Lisa Merriam

A Political Manuever by Any Other Name Would Smell as Rotten

Creating a great brand name means finding names that fit with products and that generate true and motivating associations. In politics, the opposite is more often true. Politicians of both parties seems particularly attracted to doublespeak. Take note of the new Democratic strategy of replacing the word “Reconciliation” with “Simple Majority”. What is behind the renaming of this tactic?

Reconciliation Seems a Strategically Fitting Name

On the face of it, calling the processes of passing the healthcare bill with 51 votes “Reconciliation” seems like a good naming choice. For a country hungry purportedly hungry for bi-partisanship, the meanings of that name are a strong strategic fit. Reconciliation means bringing differences into harmony, settling disputes, becoming friends again. But in Congress, Reconciliation is just another way to fight.

Dictionary Definitions Don’t Matter in Naming

But marketers know that the actual definition of a name doesn’t mean a thing. It is the associations that matter. Over the course of the last several months, the parliamentary process called “Reconciliation” has become associated with strong-arm tactics, a my-way-or-the-highway arrogance, shutting out the opposition, even “Rahm-ming It Through” or the “Nuclear Option.” The real world meaning Reconciliation has come to mean the opposite of the dictionary meaning. Hence the strategic need to rename.

Rhetorical Benefits of the New Name “Simple Majority”.

The rhetorical benefits of the new name for passing healthcare through parliamentary maneuver are many. “Simple” means:

  • Easy to understand
  • Not artificial
  • Modest
  • Uncomplicated
  • Free of deceit

These are great associations for a complex, contentious bill topping 2000 pages that few have read and ever fewer understand. Even better, these meanings try to free the strategy from the complexity and cynicism of back room deals and the intricate rules of Congress. Add the basic playground fairness of “majority rules” to the idea of “Simple Majority”, and it looks like you’ve got a winning name.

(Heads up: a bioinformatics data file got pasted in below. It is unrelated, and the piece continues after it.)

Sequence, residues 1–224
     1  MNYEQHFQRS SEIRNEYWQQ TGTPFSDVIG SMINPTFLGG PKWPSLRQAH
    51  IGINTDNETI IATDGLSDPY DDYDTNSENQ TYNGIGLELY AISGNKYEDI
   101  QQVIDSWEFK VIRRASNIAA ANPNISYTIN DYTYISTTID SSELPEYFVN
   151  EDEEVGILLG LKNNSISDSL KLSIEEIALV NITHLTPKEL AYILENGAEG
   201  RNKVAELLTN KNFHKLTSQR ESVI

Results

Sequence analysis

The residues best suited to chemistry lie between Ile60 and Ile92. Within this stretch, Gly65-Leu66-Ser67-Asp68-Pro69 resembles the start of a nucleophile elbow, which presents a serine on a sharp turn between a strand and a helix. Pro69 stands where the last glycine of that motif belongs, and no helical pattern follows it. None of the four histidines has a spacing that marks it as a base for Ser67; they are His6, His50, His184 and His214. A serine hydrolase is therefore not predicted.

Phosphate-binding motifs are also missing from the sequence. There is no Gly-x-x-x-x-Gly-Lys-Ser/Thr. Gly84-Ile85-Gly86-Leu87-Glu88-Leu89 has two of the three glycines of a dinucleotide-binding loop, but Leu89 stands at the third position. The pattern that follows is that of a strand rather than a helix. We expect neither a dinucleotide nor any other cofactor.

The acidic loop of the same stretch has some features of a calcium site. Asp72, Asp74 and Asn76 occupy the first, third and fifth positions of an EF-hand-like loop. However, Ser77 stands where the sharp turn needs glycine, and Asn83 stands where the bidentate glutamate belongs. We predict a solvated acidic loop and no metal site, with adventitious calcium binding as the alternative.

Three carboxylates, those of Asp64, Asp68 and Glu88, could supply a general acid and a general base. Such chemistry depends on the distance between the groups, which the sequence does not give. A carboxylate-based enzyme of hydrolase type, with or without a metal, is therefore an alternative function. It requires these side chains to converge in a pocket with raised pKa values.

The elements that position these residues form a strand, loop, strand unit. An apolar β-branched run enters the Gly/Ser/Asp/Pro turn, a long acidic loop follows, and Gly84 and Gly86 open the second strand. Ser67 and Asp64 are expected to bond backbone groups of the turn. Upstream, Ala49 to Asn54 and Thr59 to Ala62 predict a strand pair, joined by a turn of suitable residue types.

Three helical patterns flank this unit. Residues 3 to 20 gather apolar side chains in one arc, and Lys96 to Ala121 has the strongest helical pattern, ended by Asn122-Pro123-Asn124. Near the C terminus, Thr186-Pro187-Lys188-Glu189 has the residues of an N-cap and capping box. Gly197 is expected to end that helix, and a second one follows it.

Genuine Name or Doublespeak

Naming works when it is genuine. Marketers—and politicians are marketers as much as they are anything—do long-term irreparable damage to their reputations and their ability to earn profits (or votes) when they fail to be truthful. When naming descends to doublespeak, the brand suffers. Just ask Richard Nixon, King of Doublespeak, who will be forever known as Tricky Dick and worse.

In his groundbreaking book Doublespeak, author William Lutz defines doublespeak as language that misleads rather than leads, that pretends to communicate, but really doesn’t, that tries to avoid or shift responsibility, and communication that conceals, limits and prevents thought. Not a wise strategy for brand building.

People are cynical, connected, informed and empowered to broadcast their opinions far and wide. Companies are rapidly learning there is no place to hide and that doublespeak hurts. People will find your missteps and “misspeaks” quickly and will spread the news at warp speed. Just ask Toyota suffering from their mishandled approach to recalls, and Apple on new information of underage workers at their manufacturing plants in China.

Brands that lie can lose market share. Politicians can lose elections. Rather than being smart strategy, healthcare strategists might just be underestimating voters and outsmarting themselves.